Minority Voters Key in Obama’s Re-election

UC Riverside political scientists analyze November election results on Charter California Edition



RIVERSIDE, Calif. — Asian American voters supported President Barack Obama by a wider margin than Latinos in the November election, a further indication of the degree to which GOP positions on immigration and other issues alienated minority voters, according to political scientists from the University of California, Riverside.

In interviews on Charter California Edition — a 30-minute program produced by Charter Communications — political science professors Martin Johnson, Loren Collingwood and Karthick Ramakrishnan analyzed aspects of the presidential election and the voters who re-elected President Obama. The program can be viewed online.

All agreed that unprecedented support for the Democratic candidate from Latino and Asian-American voters will prompt much debate within the Republican Party about how to talk to minority voters.

“They clearly got it wrong,” Johnson told Charter California Edition host Brad Pomerance. “The future of the Republican Party does not lie in alienating those communities. … The Republican Party is going to … decide what (it) is going to be and stand for.”

The impact of Super PAC money on the campaign following the Supreme Court’s 2010 decision to allow anonymous political spending by corporations was equalized somewhat by the Obama campaign’s warchest, Johnson said. The Romney campaign relied heavily on Super PACs — independent expenditure committees — while Obama’s campaign committee raised far more than Romney’s. Under Federal Communications Commission rules, TV ad rates are significantly cheaper for campaign committees than for Super PACs.

Collingwood noted Obama was able to win a larger percentage of Latino voters in 2012 than he did in 2008 — about 71 percent — and won 58 percent of Latino voters in Florida, where Cuban American voters have strongly supported Republican candidates in the past. GOP support for policies that many perceived to be anti-immigrant “sends a message of racial fear and hate, even though you can argue, as Republicans do, that this is just a policy issue and they’re trying to do something.”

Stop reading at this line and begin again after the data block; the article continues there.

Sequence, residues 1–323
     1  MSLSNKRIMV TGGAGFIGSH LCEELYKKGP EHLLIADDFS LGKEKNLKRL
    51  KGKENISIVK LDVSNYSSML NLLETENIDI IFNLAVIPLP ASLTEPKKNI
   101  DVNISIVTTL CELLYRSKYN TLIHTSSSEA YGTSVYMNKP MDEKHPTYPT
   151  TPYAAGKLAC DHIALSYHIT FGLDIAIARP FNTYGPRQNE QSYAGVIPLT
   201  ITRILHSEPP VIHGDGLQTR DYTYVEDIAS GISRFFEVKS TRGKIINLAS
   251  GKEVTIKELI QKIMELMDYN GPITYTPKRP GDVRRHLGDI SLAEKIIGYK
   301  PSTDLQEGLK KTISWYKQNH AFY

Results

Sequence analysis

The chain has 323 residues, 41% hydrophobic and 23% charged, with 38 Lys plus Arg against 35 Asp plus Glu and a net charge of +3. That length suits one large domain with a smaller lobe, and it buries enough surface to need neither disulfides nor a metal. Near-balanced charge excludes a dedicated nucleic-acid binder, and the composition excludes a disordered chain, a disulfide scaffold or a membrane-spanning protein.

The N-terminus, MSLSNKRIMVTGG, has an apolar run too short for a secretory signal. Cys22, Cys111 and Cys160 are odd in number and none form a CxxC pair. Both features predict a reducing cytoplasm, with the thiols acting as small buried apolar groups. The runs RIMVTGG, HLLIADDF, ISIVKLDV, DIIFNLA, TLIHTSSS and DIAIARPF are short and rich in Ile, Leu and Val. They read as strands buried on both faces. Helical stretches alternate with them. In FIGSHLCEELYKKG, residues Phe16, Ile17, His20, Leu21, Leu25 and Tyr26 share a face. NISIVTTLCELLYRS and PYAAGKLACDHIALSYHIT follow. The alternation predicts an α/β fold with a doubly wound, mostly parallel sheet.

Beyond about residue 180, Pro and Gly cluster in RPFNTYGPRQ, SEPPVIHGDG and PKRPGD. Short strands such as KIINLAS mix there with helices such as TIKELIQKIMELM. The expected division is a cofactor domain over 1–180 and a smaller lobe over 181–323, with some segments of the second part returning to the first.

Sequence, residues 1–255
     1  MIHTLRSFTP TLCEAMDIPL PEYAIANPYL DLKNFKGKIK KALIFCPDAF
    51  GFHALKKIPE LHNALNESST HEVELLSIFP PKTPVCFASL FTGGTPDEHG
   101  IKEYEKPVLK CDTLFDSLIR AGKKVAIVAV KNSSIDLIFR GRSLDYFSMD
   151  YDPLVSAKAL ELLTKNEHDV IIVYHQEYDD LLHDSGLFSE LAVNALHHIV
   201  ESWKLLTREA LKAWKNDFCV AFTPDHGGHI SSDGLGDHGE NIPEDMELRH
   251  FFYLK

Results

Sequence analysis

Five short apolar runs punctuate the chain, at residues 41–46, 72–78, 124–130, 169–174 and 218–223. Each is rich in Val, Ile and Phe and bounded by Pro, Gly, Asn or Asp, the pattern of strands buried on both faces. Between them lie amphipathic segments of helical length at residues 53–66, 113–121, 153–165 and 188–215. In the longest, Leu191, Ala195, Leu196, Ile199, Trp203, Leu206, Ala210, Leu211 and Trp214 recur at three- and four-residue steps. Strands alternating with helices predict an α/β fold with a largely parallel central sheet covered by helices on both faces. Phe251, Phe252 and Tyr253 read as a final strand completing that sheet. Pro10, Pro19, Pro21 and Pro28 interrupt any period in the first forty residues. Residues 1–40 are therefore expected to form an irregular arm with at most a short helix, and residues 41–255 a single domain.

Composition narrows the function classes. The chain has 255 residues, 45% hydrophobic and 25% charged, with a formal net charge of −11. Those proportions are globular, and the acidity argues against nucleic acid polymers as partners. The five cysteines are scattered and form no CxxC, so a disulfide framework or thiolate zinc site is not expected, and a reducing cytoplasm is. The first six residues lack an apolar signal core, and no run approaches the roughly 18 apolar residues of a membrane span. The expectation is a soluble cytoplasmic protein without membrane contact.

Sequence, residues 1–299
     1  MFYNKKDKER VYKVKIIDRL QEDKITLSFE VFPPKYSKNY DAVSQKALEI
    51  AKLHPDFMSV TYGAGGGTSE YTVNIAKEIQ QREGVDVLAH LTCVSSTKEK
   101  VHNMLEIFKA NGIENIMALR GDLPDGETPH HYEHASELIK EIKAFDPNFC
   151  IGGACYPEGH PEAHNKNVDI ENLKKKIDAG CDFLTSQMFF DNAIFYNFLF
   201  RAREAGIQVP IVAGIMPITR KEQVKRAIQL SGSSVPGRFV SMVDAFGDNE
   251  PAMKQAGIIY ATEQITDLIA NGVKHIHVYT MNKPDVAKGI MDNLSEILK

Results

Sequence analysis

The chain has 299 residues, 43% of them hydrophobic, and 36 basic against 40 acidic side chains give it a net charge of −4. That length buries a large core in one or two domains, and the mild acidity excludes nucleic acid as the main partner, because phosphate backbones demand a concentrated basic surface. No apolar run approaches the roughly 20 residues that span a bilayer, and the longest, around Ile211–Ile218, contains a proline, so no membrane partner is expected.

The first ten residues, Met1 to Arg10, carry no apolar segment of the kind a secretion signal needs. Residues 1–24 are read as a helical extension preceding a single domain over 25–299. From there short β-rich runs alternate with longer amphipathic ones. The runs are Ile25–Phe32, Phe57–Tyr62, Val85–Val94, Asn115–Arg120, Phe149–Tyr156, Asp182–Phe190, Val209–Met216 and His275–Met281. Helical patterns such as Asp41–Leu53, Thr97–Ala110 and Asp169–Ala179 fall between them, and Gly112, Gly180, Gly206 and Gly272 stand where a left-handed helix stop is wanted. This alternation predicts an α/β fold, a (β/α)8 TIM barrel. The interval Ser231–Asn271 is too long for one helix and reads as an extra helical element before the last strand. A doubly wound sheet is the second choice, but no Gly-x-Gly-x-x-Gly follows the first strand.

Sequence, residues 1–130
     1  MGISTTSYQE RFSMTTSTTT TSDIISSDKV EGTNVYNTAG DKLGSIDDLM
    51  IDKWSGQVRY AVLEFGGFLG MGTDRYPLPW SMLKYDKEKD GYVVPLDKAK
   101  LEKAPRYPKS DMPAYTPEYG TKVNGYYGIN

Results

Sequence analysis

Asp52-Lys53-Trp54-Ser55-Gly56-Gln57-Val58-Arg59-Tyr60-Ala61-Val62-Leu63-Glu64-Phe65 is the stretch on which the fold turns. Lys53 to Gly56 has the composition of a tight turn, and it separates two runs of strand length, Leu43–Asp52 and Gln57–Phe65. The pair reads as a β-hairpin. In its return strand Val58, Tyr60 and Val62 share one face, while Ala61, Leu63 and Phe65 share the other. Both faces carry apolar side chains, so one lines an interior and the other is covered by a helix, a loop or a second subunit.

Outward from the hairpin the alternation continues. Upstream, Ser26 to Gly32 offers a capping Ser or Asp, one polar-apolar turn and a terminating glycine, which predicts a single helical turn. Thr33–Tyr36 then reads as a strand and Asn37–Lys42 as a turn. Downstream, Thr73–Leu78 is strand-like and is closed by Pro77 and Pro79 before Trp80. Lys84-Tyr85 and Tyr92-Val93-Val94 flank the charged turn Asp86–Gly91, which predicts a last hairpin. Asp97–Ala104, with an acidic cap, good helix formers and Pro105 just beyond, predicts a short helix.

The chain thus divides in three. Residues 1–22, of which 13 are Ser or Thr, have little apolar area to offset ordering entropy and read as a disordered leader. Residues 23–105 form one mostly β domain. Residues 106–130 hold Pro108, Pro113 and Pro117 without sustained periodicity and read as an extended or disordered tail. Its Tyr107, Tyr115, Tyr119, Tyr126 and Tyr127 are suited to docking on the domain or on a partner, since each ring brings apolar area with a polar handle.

In California, where Democrats won a supermajority in the state Senate and Assembly, “there’s not a whole lot Republicans can do,” Collingwood said. “They need to protect their base, but they need to be completely open to Latinos in terms of  immigration. … Basically they’re going to have to wait until the Democrats do something really stupid, which can happen in politics.”

No other group has shifted its support more dramatically than Asian Americans, Ramakrishnan said. Twenty years ago 31 percent of Asian American voters supported Bill Clinton; in November, 73 percent voted for Obama, approximately 2 percentage points more than the margin of support by Latino voters.

Clinton’s pro-business orientation was partly responsible, Ramakrishnan said. But in the last decade, GOP views on immigration and “some of the Christian conservatism that is a very vocal and public face of the Republican Party” have hurt the Republican Party when it comes to outreach to Asian Americans, he said. “…If you look at socioeconomic status and some of their social values, you think (Asian Americans) may be a natural fit with the Republican Party.” Asian Americans, however, generally believe in government as a potential source for good and support larger government that provides more services, he said, the opposite of traditional GOP philosophy.

Asian Americans are not as set in their party orientation, Ramakrishnan added, “so that still means either party could try to attract them. But it also means they could be sensitive to parties that produce messages that turn them off. This still a highly immigrant population and the kinds of messages coming out of these parties end up being very important.”

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Additional Contacts

Martin Johnson
Tel: (951) 827-4612
E-mail: martin.johnson@ucr.edu

Loren Collingwood
Tel: 951-827-5590
E-mail: loren.collingwood@ucr.edu

Kathick Ramakrishnan
Tel: (951) 827-5540
E-mail: karthick.ramakrishnan@ucr.edu

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